Nearly ten years ago FamilySearch began an audacious project to construct a single pedigree to be shared by the entire world. After many false starts and stops, that process has now resulted in FamilySearch Family Tree, an experiment destined to make history, for better or worse.
In September 2005 I sat in the opening session of the Federation of Genealogical Societies Conference in Salt Lake City, Utah. I don’t remember what else Jay Verkler said, but I remember the demonstration he and Craig Miller made of Common Pedigree, a product that came to be known as “new FamilySearch.” It was electrifying. Verkler and Miller, on different computers, simultaneously edited a common pedigree file, each building on the work of the other in real time. This file was to be a single view of all mankind, shared and improved by all. Collaboration would prevent duplication and improve data quality.
Attendees were told that the program would soon be available to the general public. One blogger was told that it would be the following year. (See “FGS Conference Keynote Address – Jay Verkler.”)
It wasn’t for twenty months, in May 2007, that the rollout began to members of the Church of Jesus Christ of Latter-day Saints. It was to be released to the public once it had been released to Church members in all areas across the world. The rollout proceeded slow but steady until the end of 2008. It was then that a fatal flaw was discovered in the product. One hallmark of the product had become its undoing: no one could delete anyone else’s contributions.
If an individual was added multiple times by multiple people, the duplicate individuals could be tied together (“combined”), but not eliminated. Imagine George Washington crossing the Delaware. Now image five hundred clones of George, all tied together, trying to share the same boat. FamilySearch servers were sinking like overcrowded rowboats.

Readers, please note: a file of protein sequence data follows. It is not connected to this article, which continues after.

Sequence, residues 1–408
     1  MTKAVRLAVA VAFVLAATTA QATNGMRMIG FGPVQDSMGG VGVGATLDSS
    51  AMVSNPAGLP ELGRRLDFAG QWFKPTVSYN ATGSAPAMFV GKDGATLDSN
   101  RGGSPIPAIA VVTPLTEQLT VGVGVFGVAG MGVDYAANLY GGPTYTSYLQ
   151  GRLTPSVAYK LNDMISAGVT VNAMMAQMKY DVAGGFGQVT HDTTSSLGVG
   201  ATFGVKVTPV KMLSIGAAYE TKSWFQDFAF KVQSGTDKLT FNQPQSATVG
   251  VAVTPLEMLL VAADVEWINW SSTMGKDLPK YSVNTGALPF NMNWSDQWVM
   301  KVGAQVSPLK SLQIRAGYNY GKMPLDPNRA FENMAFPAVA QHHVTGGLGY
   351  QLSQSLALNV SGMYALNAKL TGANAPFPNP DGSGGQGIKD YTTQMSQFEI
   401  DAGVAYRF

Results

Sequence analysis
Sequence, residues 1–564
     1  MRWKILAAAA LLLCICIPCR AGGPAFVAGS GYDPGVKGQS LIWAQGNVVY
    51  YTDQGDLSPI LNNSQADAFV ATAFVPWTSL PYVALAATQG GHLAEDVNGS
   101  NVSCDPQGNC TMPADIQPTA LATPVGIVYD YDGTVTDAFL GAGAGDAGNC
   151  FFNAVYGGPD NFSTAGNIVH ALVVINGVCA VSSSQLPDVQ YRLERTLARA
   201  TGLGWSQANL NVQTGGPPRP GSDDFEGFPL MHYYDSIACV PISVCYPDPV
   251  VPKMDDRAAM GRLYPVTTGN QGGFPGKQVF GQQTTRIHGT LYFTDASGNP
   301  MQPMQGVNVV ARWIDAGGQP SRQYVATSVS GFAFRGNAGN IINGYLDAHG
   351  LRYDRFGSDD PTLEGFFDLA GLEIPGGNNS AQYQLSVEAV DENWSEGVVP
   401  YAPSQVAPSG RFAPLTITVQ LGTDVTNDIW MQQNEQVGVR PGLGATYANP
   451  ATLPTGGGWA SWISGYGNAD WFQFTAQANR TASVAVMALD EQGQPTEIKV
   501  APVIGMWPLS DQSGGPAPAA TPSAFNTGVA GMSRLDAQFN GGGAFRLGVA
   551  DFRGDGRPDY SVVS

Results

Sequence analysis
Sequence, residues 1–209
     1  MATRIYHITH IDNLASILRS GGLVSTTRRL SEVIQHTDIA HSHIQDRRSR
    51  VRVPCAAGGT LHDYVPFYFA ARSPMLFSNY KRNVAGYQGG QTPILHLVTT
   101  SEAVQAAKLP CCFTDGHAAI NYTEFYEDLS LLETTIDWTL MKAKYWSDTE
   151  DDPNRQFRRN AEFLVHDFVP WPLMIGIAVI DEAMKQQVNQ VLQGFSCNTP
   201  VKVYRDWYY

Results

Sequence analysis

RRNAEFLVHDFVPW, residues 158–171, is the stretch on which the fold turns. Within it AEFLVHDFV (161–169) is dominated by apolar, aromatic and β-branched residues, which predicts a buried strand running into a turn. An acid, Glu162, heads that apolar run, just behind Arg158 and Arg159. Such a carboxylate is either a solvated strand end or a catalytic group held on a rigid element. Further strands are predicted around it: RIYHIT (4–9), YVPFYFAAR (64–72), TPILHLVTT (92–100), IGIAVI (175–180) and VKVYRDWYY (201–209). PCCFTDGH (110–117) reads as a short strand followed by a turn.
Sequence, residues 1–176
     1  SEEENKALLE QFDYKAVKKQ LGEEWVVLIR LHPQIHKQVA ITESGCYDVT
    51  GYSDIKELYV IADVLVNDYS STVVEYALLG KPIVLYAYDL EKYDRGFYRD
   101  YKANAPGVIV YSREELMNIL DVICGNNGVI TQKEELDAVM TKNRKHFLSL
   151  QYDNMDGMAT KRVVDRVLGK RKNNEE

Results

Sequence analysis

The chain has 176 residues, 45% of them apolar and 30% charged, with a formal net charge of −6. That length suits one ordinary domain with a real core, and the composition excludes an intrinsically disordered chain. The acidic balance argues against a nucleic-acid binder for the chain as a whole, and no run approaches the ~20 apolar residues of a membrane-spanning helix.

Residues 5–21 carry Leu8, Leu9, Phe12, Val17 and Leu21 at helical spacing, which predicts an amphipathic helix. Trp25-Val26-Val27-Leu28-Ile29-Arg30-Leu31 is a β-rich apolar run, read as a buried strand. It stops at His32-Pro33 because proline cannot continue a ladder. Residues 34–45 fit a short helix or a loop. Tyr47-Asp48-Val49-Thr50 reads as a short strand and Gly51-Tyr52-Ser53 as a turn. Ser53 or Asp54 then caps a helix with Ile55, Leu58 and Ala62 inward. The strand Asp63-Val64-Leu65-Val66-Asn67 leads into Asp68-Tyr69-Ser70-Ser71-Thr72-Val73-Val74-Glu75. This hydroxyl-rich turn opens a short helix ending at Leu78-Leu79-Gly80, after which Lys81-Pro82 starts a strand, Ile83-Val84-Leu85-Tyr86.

The rollout was suspended in mid-November. FamilySearch addressed the flaw in two ways: it built bigger boats and it imposed a strict limit on the number of passengers allowed in each.
While the rollout resumed in mid-April 2009, plans were already under way for a new system to replace New FamilySearch. In July of that year Ron Tanner, New FamilySearch product manager, disclosed that work was underway on a new system code named SCOE (Source Centric, Open Edit). This project would become Family Tree.
Rollout of New FamilySearch to Church members completed near the end of 2009.
In early 2010 Tanner said, “We have a goal of getting the general public in by the end of the year.” (However, he did give his oft-repeated disclaimer that he was a product manager and he wasn’t making any promises. :-)
The end of the year came and went, but shortly thereafter, in February 2011, FamilySearch began beta testing public access to New FamilySearch.
Meanwhile, users chaffed at the continued inability to delete anyone else’s contributions. Bad data abounded and while it could be augmented with correct data, the bad data could never be eliminated. (You remember: no one can ever delete anyone else’s contributions.) On the opposite extreme, the new SCOE system allows anyone to change or delete anything.
At RootsTech in 2012 Tanner showed Family Tree and said that they were taking NFS data and moving it over to Family Tree and opening it up to everyone, including the general public by the end of the year.
The end of the year came and went.
Yesterday, someone noticed that anyone could get to Family Tree. There was no formal announcement from FamilySearch. I’ve seen this before. It is called a soft launch. It allows an organization to float a new product without being flooded with so many users that the system collapses.
And so it has come. Eight years after the general public got its first taste, FamilySearch has delivered its common pedigree.
“Our goal in the Family Tree is to document the genealogy of mankind, accurately,” said Ron Tanner, “and preserve it for generations to come.”